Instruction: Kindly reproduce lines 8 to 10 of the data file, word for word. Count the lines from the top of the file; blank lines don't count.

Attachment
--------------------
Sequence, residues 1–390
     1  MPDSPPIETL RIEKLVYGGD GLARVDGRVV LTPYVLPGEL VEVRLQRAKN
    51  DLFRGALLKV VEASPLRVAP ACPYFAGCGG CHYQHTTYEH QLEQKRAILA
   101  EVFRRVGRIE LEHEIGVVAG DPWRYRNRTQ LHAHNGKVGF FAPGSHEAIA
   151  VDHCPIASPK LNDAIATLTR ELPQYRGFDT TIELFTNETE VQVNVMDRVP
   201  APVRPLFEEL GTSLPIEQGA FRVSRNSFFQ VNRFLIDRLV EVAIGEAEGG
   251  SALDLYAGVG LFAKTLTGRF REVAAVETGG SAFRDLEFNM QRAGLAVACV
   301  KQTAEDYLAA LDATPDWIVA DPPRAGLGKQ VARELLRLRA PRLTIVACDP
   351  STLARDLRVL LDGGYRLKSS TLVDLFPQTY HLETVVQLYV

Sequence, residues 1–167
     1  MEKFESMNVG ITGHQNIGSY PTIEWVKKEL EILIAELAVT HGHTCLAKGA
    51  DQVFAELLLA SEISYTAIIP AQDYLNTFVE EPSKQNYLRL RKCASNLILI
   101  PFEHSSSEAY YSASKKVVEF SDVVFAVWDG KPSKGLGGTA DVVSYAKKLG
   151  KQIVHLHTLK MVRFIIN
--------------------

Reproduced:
   301  KQTAEDYLAA LDATPDWIVA DPPRAGLGKQ VARELLRLRA PRLTIVACDP
   351  STLARDLRVL LDGGYRLKSS TLVDLFPQTY HLETVVQLYV

Sequence, residues 1–167